Albert Brooks

Albert Brooks Headshot

Actor • Comedian • Writer • Director

Birth Name: Albert Lawrence Einstein

Birth Date: July 22, 1947

Age: 76 years old

Birth Place: Beverly Hills, California

Siblings: Bob Einstein

After being dubbed the West Coast Woody Allen for his cerebral brand of comedy, actor-writer-director Albert Brooks once turned down the Billy Crystal role in "When Harry Met Sally..." (1989) precisely because it read like a Woody Allen movie - a comparison he assiduously avoided.

After receiving his start in show business as a stand-up comedian - a route he also wished to avoid - Brooks finally achieved his dream of becoming an actor when he made his first foray into features with a prominent supporting role in "Taxi Driver" (1976). He made his biggest contribution to movies as director, helming his first film, "Real Life" (1978), which many critics lauded as being the first and one of the best mocumentaries ever made.

Returning to the director's chair following a sprinkling of small roles on the big screen, Brooks helmed the romantic comedy, "Modern Romance" (1981), before directing "Lost in America" (1985), his sharp satiric look at American materialism that many considered to be his finest work behind the camera. His best work in front of the lens came with "Broadcast News" (1987), playing a sympathetic news reporter - a role that earned him an Academy Award nomination.

He returned to directing with the philosophical and funny "Defending Your Life" (1991), before helming the more underwhelming "Mother" (1996) and "The Muse" (1999). Though his output diminished in later years, including only one film as director in the new millennium - "Looking for Comedy in the Muslim World" (2005) - Brooks nonetheless remained one of the most gifted and prolific comedic actors of his generation.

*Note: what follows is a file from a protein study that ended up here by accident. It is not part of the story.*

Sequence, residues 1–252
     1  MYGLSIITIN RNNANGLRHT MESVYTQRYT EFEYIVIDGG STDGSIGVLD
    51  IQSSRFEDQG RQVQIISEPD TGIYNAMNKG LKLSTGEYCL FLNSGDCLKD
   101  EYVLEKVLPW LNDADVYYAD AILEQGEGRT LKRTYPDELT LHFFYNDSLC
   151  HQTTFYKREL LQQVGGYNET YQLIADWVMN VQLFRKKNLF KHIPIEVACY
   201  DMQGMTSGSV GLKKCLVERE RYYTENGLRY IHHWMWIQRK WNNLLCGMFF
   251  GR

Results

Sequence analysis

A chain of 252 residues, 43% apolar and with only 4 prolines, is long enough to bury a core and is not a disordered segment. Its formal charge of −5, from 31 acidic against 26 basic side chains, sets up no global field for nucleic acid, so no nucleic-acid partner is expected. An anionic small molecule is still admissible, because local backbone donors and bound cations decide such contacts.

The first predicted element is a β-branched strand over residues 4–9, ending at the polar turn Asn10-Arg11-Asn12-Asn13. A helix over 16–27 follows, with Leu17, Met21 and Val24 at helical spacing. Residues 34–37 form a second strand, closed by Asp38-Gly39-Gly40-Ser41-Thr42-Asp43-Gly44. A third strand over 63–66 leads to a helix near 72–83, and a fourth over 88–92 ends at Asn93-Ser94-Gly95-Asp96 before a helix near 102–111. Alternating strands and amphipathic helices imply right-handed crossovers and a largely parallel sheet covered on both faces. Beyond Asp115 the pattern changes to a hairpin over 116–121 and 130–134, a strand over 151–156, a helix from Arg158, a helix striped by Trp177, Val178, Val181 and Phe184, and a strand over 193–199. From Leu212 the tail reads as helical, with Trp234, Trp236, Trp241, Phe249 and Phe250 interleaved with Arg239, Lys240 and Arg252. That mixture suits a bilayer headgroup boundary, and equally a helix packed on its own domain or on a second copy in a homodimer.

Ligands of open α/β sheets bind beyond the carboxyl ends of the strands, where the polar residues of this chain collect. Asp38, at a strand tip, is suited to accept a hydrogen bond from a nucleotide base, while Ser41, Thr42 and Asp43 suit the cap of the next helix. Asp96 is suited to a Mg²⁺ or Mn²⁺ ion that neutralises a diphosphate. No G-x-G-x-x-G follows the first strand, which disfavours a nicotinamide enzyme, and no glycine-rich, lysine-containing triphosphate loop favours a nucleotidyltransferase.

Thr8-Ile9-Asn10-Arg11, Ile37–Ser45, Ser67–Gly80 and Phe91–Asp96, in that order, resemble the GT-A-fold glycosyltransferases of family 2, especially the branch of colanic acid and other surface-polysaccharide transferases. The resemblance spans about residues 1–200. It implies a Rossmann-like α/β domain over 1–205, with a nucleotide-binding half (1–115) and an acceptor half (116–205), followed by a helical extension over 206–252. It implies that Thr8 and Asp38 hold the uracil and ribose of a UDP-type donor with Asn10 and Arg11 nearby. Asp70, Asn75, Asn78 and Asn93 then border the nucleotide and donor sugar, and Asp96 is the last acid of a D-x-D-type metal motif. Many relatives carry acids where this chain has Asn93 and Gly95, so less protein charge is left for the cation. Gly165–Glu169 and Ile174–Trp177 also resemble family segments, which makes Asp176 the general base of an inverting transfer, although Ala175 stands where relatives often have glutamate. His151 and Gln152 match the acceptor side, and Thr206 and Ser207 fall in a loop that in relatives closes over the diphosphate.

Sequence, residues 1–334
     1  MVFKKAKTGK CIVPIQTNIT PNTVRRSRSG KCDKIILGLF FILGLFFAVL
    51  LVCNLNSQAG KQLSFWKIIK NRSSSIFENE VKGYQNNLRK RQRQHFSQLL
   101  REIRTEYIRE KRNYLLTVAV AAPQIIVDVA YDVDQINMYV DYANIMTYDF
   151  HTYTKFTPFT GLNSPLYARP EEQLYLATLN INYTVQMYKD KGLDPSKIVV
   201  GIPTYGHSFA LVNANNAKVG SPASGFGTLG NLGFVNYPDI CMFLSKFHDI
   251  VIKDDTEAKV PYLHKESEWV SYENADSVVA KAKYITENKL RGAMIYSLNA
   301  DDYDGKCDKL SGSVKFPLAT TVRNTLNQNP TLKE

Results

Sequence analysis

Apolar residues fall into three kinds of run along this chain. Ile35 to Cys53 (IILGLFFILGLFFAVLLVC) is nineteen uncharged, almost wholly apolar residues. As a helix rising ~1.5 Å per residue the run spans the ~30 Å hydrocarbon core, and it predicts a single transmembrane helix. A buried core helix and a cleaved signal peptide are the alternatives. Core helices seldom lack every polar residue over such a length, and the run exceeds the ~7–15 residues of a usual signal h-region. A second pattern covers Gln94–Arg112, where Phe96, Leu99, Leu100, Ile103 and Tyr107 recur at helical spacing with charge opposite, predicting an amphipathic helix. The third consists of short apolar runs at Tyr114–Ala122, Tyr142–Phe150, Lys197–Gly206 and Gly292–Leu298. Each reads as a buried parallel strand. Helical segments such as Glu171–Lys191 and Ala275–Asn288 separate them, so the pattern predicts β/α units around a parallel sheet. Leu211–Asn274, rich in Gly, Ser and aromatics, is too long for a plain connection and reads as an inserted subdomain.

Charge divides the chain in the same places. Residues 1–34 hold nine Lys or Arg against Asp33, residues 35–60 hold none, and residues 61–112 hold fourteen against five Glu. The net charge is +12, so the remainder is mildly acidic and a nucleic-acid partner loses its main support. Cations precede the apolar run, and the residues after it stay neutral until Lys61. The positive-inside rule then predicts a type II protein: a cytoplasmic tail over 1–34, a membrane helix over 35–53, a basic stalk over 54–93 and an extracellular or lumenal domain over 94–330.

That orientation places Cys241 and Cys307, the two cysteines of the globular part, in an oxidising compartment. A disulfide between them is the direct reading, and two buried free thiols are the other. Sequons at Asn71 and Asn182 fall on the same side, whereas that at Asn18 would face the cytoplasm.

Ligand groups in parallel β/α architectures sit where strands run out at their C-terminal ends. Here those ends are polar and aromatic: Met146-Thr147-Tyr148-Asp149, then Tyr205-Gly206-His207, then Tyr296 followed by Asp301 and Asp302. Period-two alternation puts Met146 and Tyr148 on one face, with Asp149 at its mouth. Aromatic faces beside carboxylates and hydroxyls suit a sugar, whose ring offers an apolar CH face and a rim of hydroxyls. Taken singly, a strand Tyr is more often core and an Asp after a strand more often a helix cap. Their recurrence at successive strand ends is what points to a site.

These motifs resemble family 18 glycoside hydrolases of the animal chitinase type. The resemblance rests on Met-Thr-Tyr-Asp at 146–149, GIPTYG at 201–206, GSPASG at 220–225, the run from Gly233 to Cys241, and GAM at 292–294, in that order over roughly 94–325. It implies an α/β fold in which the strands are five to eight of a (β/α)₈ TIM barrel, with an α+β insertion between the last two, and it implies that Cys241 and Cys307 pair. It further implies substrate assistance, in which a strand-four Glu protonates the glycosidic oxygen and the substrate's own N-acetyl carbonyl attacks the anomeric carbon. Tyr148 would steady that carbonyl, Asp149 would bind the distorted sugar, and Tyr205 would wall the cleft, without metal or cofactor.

Born Albert Einstein on July 22, 1947 in Los Angeles, Brooks was raised in nearby Beverly Hills by his father, Harry Parke, a radio and film character actor best known for his Greek character Parkyakarkus on Eddie Cantor's radio show, and his mother, Thelma Leeds, a singer and actress who met her husband on the set of the musical "New Faces of 1937" (1937) before retiring from performing soon after. Also in the family were brothers Bob Einstein - a.k.a. daredevil comic Super Dave Osborne - and Clifford, later an advertising executive.

Brooks began developing his comedy chops as the class clown at Beverly Hills High School, which he attended alongside Rob Reiner and Richard Dreyfuss. Because his mother wanted him to focus on a steady career, Brooks went on to attend the Carnegie Institute of Technology - later renamed Carnegie-Mellon University - only to drop out after two years and return to his hometown in order to become an actor. But work was hard to come by, which led to stand-up comedy by way of a ventriloquist act called Danny and Dave, in which he was the world's worst ventriloquist - his lips moved every time the dummy spoke.